Many pages are crumpled from falling asleep while reading.  My wife and I read the Book of Mormon one last time together and started to feel distinctly uncomfortable with it.  Some of the doctrines preached in it simply felt overly black and white and the development of culture described in the text felt unreal.  We decided to try out reading the apocrypha next which was a very satisfying experience, if I recall we made it though maybe the Book of Tobit before we ran out of time to work on it.  Our faith lives went into a tailspin over the next few years.  In my personal reading I tried reading the Book of Mormon one last time to ground my faith again and found I couldn’t stomach it, at least not while trying to maintain a belief that it was literally and fully what it was supposed to be.  I wasn’t able to enjoy reading the scriptures again until we were settled in the Episcopal church and started to read the bible in the tradition of the Daily Office Lectionary.  Even then, I couldn’t bring myself to read my tattered brown king James bible.  The translation problems in the King James are now obvious to me and the study aids in the LDS version of the King James bible aren’t spectacular.  We tried reading from my wife’s study NRSV bible but found we had trouble navigating the unfamiliar book abbreviations, especially when apocryphal readings came up.  I bought an ESV translation pocket new testament to read from on occasion at work but it didn’t fill the void that was left by my old tattered brown bonded leather scripture set.  I wanted a study edition that I could learn from easily and a feeling that I could place my bookmarks where ever I wanted to because the book was mine.

Example of the study aids in a modern study bible
After all this time I have finally replaced my copy of the scriptures.  I purchased a fifth 5th edition of Oxford Annotated New Revised Standard edition of the bible that was just recently released, the thumb indexed version so I can quickly find passages even when the book abbreviations are unfamiliar.
   I have started to learn about the meditation practice of lectio divina where bible passages are read repeatedly creating a contemplative sense of communion and conversation with God.  It reminds me of contemplative experience of the bible I had the year that I read Isaiah until I broke through into my parent’s respect.  Perhaps that wasn’t some kind of unique peak experience but something I could learn to do again.  I probably only lost my hold on the experience because of my needless shame and because I didn’t really understand what I was doing.  While I appreciate that all the flaws of humanity are on display in the Bible, it is still where I met God and where I gained the strength to emotionally survive from day to day.  I hope to spend years yet enjoying its pages.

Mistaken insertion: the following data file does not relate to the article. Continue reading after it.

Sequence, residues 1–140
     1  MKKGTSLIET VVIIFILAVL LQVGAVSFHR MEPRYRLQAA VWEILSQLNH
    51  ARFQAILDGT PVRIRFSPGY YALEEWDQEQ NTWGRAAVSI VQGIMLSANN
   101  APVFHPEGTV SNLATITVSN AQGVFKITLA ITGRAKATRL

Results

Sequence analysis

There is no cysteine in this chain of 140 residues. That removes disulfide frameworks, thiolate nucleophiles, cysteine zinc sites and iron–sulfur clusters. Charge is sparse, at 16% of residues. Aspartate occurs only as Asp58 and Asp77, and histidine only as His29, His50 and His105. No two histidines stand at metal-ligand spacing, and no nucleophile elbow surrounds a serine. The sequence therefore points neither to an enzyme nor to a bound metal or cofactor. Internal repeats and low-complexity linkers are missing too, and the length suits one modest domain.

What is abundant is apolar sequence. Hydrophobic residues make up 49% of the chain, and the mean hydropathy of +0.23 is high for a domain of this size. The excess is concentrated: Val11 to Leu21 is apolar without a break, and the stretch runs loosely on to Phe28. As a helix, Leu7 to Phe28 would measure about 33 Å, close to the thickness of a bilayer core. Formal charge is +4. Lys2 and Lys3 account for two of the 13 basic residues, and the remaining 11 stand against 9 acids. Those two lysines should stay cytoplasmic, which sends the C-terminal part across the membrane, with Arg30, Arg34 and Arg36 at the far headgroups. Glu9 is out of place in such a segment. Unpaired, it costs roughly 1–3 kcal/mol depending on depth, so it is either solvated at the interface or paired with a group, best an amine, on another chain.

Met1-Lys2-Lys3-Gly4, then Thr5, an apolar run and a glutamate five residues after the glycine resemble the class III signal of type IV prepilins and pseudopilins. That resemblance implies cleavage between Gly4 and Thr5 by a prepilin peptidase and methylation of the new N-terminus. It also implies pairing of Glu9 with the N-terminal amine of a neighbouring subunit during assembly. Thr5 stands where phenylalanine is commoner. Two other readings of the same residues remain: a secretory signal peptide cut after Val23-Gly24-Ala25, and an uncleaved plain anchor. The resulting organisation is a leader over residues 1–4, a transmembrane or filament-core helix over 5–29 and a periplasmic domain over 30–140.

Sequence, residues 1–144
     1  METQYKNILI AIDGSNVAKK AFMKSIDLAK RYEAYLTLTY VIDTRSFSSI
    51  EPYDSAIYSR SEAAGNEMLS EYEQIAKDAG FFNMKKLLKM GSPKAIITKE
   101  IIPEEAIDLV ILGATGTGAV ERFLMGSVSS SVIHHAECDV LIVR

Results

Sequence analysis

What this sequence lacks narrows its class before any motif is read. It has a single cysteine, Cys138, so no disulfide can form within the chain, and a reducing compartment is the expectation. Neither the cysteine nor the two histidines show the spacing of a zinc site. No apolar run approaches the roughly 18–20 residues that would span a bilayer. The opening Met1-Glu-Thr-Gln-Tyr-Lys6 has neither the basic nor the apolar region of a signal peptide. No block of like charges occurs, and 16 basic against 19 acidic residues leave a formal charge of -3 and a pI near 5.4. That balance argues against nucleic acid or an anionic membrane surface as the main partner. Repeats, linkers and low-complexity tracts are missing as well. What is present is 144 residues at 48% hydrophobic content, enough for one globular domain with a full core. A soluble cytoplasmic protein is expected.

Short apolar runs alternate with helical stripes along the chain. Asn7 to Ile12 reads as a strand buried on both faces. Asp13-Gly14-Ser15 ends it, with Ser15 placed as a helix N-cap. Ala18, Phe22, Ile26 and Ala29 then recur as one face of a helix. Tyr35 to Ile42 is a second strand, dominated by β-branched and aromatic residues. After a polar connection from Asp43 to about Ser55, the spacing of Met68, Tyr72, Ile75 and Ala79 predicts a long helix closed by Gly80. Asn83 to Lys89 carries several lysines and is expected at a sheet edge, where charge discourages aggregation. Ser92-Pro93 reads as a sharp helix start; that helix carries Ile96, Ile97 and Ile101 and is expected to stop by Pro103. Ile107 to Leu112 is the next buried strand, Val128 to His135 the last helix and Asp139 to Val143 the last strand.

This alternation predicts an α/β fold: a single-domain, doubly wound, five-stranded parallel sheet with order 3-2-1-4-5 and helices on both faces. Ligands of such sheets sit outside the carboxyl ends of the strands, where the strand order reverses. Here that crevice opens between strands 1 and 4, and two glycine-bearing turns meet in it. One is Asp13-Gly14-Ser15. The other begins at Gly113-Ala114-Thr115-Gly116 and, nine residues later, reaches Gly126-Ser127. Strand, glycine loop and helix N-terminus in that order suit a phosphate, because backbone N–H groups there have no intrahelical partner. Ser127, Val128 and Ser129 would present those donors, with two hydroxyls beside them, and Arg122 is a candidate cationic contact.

My new bible

Sunday, February 4, 2018

Beauty and Styles of Reverence

One thing that has stood out to me as different between our experiences in the LDS church and the Episcopal church is how differently the two communities express respect for sacred spaces.  In many ways this would be obvious the moment a visitor walks in.  The Episcopal church uses a complex and traditional priestly uniform.  For Mormon men and boys their priesthood dress code generally is indistinguishable from a business while shirt and tie or maybe a suit.  Next you might notice the amount of art work on display.  The LDS church bans all artwork from its sanctuaries and baptistries, viewing it as distracting from more important parts of worship.  The Episcopal church, on the other hand, uses a wide variety of types of artwork notably including influences from Orthodox Christianity.  The Episcopal Church also uses candles in their worship spaces.  Lit candles, by contrast, are banned from LDS worship spaces.

The next thing you might notice is the noise level.  While Mormon’s in practice might socialize a good deal in their sanctuaries and the many babies and small children are always making noise the ideal is always held out to be that in sacred spaces social conversations shouldn’t happen in worship spaces or should be whispered.  In the Episcopal church there are fewer small children to make noise and children too small to keep quiet are often in a nursery during services.  As a result the silent moments during worship are often more profoundly silent.  However, socializing is not forbidden and is in even indirectly encouraged when the priest invites us to “Greet one another in the name of the Lord”.